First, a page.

Faculty Spotlight

 

Fall 2014

 Dr. Patrice BoylesDr. Patrice Boyles was selected as the 2014 NCBEA Teacher of the Year Award for Outstanding Contributions to Business Education by a Senior College or University Business Teacher! This honor was recognized by the North Central Business Education Association (NCBEA) for her dedication and service to her students, her school, and her profession!

The teacher of the year awards will be presented during the IBEA/NCBEA Fall Conference being held this year at the Bloomington-Normal Marriott Hotel & Conference Center in Normal, Illinois, from November 12-14, 2014. 

 

Fall 2013

Diversity can manifest itself in a variety of ways. The difference between urban and rural environments, for example—historically an overlooked segment of the diversity spectrum—can be particularly valuable for educa-tors to be familiar with. “Our pre-service teachers, who traditionally work in urban placements” notes Dr. Timothy Harrington, “need a more global look at the similarities and differences in other settings.”

After a series of long discussions with colleagues Dr. Miguel Fernandez and Dr. Cynthia Valenciano, plans emerged for a week-long immersion experi- ence for pre-service teachers in various rural envi- ronments. The three of them traveled around the Midwest to find appropriate sites, in the process recognizing the full significance of the program they were creating. As part of the immersion experience they were developing, it became apparent that a research study should accompany the program, with the pre- service teachers themselves guiding it.

"Our pre-service teachers, who traditionally work in urban placements, need a more global look at the similarities and differences in other settings"

The program proceeded with ten pre-service teachers from five different College of Education programs spending one week in three different rural environments: a small farming town school; a K-6 school with only three teachers; and a tribal school on a reservation. From their experiences, they were then asked to share their personal insight through a series of research questions.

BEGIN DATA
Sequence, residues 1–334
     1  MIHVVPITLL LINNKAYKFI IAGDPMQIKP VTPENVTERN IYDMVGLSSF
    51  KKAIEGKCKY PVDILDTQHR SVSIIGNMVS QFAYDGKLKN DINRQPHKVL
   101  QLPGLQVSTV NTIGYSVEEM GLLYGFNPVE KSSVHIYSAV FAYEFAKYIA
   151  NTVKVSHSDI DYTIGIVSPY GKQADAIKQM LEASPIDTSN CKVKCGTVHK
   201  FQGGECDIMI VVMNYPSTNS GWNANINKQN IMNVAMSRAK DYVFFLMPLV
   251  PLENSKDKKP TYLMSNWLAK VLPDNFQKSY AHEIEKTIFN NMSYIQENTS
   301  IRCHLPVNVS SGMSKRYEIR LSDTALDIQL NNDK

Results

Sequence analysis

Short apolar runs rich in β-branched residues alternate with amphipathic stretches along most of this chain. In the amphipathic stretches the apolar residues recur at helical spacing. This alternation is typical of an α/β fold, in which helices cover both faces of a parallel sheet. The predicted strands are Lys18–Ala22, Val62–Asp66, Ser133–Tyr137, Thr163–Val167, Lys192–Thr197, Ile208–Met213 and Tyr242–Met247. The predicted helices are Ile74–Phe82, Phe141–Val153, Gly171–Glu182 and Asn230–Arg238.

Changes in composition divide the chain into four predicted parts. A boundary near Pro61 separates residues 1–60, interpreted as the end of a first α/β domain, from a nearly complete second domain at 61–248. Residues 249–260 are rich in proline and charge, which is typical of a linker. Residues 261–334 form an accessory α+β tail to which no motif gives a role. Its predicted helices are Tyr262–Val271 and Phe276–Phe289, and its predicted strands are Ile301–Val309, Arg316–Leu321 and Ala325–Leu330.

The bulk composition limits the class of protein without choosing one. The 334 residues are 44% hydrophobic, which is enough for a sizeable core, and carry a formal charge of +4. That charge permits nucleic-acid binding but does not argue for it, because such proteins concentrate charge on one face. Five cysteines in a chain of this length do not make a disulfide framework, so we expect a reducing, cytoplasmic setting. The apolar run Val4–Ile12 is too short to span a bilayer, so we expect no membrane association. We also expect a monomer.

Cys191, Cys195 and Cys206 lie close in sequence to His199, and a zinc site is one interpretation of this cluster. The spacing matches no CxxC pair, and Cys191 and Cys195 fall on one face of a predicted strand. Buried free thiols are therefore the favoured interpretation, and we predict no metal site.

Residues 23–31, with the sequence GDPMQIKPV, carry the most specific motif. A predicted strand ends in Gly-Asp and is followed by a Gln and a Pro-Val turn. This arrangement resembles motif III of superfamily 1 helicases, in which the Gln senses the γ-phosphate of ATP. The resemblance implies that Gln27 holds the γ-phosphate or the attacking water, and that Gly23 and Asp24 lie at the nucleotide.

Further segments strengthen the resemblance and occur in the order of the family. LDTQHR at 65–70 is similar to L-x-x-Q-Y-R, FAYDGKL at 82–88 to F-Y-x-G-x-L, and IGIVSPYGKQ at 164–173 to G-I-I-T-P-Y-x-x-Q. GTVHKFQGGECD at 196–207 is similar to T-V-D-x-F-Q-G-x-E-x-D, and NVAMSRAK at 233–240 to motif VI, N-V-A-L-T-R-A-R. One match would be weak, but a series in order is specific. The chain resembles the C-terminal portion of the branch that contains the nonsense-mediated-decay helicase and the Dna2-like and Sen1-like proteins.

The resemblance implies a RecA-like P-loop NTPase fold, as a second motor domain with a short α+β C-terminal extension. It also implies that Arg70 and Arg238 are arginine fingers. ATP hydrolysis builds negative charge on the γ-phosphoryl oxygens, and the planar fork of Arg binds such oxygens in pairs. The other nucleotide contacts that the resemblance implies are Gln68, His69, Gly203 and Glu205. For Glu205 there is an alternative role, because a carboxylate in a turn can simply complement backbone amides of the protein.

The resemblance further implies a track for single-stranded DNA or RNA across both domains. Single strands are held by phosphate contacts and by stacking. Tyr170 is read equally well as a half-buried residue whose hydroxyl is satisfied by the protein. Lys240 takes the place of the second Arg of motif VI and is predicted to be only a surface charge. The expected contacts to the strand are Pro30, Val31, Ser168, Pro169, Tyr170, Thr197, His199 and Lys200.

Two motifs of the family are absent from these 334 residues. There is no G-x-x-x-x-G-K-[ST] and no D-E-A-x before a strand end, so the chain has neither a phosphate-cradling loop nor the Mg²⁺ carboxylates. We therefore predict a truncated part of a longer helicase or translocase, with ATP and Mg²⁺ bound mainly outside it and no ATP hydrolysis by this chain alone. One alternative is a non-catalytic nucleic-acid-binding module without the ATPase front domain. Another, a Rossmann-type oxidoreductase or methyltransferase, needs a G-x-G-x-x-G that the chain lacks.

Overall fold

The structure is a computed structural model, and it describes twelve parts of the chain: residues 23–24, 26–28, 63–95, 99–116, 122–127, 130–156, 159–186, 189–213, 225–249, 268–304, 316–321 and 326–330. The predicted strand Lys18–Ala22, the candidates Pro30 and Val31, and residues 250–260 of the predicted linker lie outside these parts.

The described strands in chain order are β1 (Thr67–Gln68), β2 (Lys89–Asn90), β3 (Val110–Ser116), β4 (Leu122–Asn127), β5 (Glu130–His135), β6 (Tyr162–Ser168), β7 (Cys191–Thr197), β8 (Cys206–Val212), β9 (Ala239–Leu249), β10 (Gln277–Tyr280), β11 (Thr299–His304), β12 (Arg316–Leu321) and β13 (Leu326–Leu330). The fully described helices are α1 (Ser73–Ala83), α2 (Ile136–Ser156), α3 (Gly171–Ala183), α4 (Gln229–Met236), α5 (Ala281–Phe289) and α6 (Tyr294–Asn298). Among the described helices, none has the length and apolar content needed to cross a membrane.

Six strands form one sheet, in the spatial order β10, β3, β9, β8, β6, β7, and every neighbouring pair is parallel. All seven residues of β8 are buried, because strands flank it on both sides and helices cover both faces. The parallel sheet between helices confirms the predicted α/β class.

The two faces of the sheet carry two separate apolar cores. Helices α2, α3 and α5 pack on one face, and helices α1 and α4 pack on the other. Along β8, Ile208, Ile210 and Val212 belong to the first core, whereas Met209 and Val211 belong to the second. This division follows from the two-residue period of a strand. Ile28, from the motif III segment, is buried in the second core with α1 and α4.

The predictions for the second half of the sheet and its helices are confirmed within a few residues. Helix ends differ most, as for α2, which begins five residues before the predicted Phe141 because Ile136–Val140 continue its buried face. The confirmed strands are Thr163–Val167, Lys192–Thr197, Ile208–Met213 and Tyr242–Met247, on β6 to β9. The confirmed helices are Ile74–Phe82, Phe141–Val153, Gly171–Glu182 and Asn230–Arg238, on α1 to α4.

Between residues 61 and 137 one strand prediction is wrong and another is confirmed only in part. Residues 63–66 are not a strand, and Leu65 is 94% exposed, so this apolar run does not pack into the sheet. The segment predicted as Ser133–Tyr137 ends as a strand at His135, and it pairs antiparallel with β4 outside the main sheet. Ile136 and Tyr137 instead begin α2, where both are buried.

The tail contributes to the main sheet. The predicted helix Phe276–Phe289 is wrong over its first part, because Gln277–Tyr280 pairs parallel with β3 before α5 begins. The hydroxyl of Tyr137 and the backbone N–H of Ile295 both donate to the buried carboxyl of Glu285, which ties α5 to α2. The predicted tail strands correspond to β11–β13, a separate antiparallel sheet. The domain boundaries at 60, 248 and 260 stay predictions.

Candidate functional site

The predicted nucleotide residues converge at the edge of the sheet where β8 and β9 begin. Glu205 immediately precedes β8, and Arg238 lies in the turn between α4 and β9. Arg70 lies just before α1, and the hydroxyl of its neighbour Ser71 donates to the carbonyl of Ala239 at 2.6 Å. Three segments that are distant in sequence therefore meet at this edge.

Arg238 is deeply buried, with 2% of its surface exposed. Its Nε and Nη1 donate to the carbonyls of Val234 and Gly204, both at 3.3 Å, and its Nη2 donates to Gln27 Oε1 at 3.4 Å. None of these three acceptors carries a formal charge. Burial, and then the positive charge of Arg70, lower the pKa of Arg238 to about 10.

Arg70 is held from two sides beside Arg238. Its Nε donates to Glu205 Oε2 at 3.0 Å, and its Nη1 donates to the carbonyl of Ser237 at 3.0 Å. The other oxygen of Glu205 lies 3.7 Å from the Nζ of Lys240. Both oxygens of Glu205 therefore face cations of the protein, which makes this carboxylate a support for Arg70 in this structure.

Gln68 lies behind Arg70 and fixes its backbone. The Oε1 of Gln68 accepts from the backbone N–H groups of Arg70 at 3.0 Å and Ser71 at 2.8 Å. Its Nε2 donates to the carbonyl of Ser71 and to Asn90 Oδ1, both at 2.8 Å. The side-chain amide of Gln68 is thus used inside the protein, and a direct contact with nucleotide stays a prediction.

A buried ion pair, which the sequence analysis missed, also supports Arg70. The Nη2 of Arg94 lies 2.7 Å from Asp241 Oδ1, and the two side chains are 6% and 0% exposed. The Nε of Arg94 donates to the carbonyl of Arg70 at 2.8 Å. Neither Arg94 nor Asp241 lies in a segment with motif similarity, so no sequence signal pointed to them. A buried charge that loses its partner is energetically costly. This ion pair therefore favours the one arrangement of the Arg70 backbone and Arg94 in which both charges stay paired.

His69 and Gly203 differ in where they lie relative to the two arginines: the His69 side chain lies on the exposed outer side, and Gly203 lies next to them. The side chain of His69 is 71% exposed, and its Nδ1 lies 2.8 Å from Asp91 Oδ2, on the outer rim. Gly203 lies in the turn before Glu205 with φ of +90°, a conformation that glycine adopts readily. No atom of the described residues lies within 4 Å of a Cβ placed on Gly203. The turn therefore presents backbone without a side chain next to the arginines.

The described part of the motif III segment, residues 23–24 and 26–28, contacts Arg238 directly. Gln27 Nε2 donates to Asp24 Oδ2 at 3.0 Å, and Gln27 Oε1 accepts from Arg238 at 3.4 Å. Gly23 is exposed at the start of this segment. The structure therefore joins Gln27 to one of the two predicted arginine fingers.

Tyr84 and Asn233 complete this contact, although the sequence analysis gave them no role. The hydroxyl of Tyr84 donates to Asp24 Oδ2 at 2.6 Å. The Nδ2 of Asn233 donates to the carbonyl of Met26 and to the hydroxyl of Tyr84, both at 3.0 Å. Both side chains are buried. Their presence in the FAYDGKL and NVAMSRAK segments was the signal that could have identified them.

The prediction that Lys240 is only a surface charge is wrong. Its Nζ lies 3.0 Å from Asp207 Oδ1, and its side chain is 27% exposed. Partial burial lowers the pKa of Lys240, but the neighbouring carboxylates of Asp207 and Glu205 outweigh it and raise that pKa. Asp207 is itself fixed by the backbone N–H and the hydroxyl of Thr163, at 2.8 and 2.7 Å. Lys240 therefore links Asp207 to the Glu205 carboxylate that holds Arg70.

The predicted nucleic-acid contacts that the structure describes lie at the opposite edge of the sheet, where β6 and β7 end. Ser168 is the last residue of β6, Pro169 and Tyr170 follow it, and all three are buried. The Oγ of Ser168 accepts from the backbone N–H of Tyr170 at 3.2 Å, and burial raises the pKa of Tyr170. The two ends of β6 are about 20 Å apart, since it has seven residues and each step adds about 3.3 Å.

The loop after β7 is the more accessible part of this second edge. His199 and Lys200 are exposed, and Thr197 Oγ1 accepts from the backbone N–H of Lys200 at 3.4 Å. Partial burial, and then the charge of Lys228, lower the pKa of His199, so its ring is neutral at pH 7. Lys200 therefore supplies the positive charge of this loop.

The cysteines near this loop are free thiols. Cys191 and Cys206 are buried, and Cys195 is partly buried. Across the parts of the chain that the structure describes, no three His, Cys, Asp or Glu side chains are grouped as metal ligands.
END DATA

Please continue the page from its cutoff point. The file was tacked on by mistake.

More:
“I participated in the program,” explains student teacher Mr. M

ark Wesolowski, “in order to understand how bias affects the developing educator in a number of ways, from how learning materials are created to student-teacher interaction.” That under- standing, however, was not intended to be passively observed, but actively engaged with on a personal level. In a very real way, the focus of the immersion experience was not necessarily the students or the rural communities, but the pre-service teachers themselves. As fellow participant, Ms. Ange- la Biggins Logwood, says about her own in- volvement, “I went into this experience with an open mind. I was a sponge, prepared to absorb and learn anything and everything I could about teaching in a setting that is un- familiar, and to see the inherent biases that can come with that.”

"I went into this experience with an open mind.  I was a sponge, prepared to absorb and learn anything and everything I could..."

Of the ten pre-service teachers who partici- pated in the immersion experience, three decided to join Drs. Fernandez, Harrington, and Valenciano, in the research process that followed. The paper that resulted, titled, “Rural Field Experiences with Urban Pre-Service Teachers,” was co-presented by the six of them at the Center for Scholastic Inquiry’s International Academic Research Confer-ence in Scottsdale, Arizona. Their paper so impressed fellow conference goers that, among the 50 institutions in attendance, representing 23 states and 4 countries, they were awarded both “Best Session Presentation—Education Track” and “Best Paper— Education Track.” Their paper has since been published in the Journal of Scholastic Inquiry: Education.

With the remarkable success of the program thus far, its sponsors have no intention of slowing down. In fact, they see potential for further development. “We hope to look specifically at the tribal school site, to research cultural diversity and acceptance within its community as it relates to what our students at CSU think about cultural diversity and belonging,” explains Dr. Harrington. Whatever direction the program takes in the future, one thing seems certain: many future educators will be treated to an invaluable experience of discovery.

Rural Field Experiences with Urban Pre-Service Teachers
International Academic Research Conference
-with students-